Get Where You Want to Go with a Recruiting Road Map


Roy Maurer By Roy Maurer September 11, 2018

​Need to show your company where the talent acquisition team needs to be and the strategy for how it will get there? Draw a map.

Road maps are an essential part of strategic planning, said Michael Goldberg, a talent acquisition veteran and the managing director of MMGoldberg & Associates, an HR and talent acquisition consulting firm based in Dallas. "Road map creation allows teams to visualize strategy and sets the course for managing change to existing processes and programs."

Road maps can also help teams anticipate and avoid disruptions, create accountability, and spur team members to measure and report results, he added.

"One of the biggest reasons you'd want to develop a road map is that it gives the entire recruiting function, from coordinators and sourcers to recruiters, a deeper meaning behind the goals you set for them," said Will Staney, the founder of Proactive Talent, an Austin, Texas-based consulting firm focused on talent acquisition. "It directly ties what they do day to day into the organization's vision and mission through goal alignment."

That calibration between the recruiting and business strategies goes a long way toward hiring success. "Recruiting is at a crossroads in a lot of ways," said Brian Kropp, group vice president of the HR practice at Gartner. "Part of that is because it's such a tight labor market that it's harder than ever to attract the best candidates. Figuring out what you will need to do to compete to win quality talent is critical to the organization's success."

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Assess Your Current State

Experts recommend first assessing the talent acquisition function's current situation before mapping the future. "Think about what is working, what is not working, and what needs to change," Goldberg said. "You don't want to change for the sake of change. Think about the health of the talent pool for your industry, what is working in terms of sourcing, how is your turnover, what skills does your team have and what training do they need—do your recruiters know the business so they can recruit for the business?"

Then you can envision future needs and identify what tools, people and resources you need to achieve your goals, he said.

Building Blocks Begin with a Vision

Staney explained that developing a strategic road map starts with creating a high-level vision of the recruiting function tied to the vision of the company. From there, come up with a mission statement that will achieve that vision, and present both to your team for their input. Break out strategic objectives and goals to meet those objectives.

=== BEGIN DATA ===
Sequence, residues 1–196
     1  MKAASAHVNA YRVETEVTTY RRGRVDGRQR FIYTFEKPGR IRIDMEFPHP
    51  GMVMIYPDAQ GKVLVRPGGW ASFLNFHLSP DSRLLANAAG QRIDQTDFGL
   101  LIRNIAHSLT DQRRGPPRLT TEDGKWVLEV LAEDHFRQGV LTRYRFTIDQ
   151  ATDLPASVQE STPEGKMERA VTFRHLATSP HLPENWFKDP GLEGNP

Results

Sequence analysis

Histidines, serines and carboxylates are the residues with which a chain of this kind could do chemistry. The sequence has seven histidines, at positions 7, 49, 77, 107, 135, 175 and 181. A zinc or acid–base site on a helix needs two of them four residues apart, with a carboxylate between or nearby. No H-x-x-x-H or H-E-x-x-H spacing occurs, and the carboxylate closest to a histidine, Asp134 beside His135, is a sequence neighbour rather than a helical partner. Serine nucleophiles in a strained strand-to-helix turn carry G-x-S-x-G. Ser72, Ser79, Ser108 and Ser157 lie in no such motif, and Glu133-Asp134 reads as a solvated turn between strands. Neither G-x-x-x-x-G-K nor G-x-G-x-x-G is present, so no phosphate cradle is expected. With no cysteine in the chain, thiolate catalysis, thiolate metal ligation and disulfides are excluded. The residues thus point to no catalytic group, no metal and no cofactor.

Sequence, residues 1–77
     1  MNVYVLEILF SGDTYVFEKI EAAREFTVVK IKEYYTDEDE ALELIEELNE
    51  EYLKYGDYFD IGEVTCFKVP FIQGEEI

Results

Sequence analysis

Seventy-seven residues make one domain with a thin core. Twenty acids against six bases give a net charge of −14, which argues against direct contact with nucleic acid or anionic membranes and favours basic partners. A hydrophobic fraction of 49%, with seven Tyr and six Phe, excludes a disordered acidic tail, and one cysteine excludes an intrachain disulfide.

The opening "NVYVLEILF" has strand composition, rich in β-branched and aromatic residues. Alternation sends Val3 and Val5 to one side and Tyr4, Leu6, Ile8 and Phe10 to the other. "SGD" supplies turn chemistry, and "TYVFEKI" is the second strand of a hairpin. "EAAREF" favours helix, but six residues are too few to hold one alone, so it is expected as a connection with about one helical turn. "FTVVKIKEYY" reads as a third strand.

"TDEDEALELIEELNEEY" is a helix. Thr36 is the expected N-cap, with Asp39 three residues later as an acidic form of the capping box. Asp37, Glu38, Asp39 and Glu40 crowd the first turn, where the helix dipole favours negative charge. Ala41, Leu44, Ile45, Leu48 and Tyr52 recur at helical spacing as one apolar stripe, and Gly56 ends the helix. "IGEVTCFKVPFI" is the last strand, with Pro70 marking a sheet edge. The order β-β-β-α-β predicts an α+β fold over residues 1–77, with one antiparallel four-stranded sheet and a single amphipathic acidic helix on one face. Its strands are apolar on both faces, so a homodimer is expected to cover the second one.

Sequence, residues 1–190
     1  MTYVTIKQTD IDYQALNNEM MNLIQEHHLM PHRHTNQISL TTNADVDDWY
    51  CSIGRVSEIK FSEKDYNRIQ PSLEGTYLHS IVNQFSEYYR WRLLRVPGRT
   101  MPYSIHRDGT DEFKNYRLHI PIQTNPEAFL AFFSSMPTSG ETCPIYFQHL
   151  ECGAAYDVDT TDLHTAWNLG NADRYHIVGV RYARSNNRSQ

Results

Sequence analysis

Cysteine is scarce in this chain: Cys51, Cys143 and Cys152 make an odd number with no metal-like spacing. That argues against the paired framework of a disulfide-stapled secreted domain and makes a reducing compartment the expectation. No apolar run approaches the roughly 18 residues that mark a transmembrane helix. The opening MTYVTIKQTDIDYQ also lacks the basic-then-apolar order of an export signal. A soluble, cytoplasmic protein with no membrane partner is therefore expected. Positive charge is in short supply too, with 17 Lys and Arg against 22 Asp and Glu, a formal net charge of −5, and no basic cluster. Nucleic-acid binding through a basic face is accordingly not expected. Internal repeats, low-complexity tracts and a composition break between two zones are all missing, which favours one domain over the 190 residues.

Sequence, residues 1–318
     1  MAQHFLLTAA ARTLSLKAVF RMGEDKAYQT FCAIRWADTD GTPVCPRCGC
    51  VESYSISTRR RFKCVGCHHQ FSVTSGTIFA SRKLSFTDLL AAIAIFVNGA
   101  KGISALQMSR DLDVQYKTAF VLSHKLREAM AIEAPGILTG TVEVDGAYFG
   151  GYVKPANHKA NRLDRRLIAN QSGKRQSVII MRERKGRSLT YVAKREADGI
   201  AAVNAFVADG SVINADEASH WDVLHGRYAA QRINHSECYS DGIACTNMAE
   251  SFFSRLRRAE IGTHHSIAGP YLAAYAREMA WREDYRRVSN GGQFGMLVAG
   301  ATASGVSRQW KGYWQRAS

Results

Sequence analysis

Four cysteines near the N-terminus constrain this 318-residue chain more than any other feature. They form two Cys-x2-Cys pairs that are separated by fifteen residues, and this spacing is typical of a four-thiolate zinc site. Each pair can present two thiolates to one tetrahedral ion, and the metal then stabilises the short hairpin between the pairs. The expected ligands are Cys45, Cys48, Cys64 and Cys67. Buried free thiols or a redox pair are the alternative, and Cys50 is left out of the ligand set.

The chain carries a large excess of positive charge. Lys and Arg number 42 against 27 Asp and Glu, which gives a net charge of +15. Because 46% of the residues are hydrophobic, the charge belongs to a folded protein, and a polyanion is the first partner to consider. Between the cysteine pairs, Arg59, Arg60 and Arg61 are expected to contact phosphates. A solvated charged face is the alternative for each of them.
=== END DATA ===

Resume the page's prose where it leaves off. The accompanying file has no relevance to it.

"If your vision is to be a best-in-class recruiting organization, and the mission is to help the company revolutionize its particular industry, then you come up with the strategic objectives that will align into that vision," Staney said. "You can then break the objectives down into individual performance goals for recruiting team members, who now feel more connected and are more likely to accomplish their goals because they understand the bigger picture."

Two objectives could be to establish the company as an employer of choice among diverse talent pools and to use a data-focused approach to recruiting, Staney said. "Under those objectives, you'd have goals to implement, such as buying a best-in-class CRM [candidate relationship management] tool, sourcing 33 percent diverse candidates for every job, or doing one recruiting event targeting diverse candidates per quarter."

Common Wrong Turns

According to Kropp, the two biggest mistakes companies make when building a road map for recruiting are:

  • Trying to become a more attractive employer instead of making sure the right candidates are applying. "Companies need to reimagine their recruiting process, not to attract more candidates but to help candidates make better decisions about whether to apply," he said. Create objectives for team members to identify how the company can help candidates make better decisions about whether to apply.
  • Building systems that make it harder for hiring managers to be a part of the recruiting process. "Recruiters complain that hiring managers are not engaging with the process," Kropp said. "They have every incentive to hire people. [But] we've built a system that's too hard for managers to use. We should be designing for simplicity, not for sophistication." Instead of buying and implementing technology with "a lot of bells and whistles," create an effortless experience for managers to engage with HR during the hiring process, he said.

Staying on Track

When mapping, think quarter to quarter, not day by day, Goldberg said. "Build it slowly. Keep the end result in mind, prioritize your needs and set expectations with stakeholders."

He also recommended using an agile approach to measure progress, keeping leaders informed and being transparent about setbacks.

"Things change," Staney said. "Budgets get cut. It's OK to be flexible with the plan. That's why it's a good idea to review the road map on a quarterly basis and realign it if necessary. If you stay aligned, you will always be making sure that your talent acquisition function is focusing on the right things at the right time that will have the greatest impact on the business."


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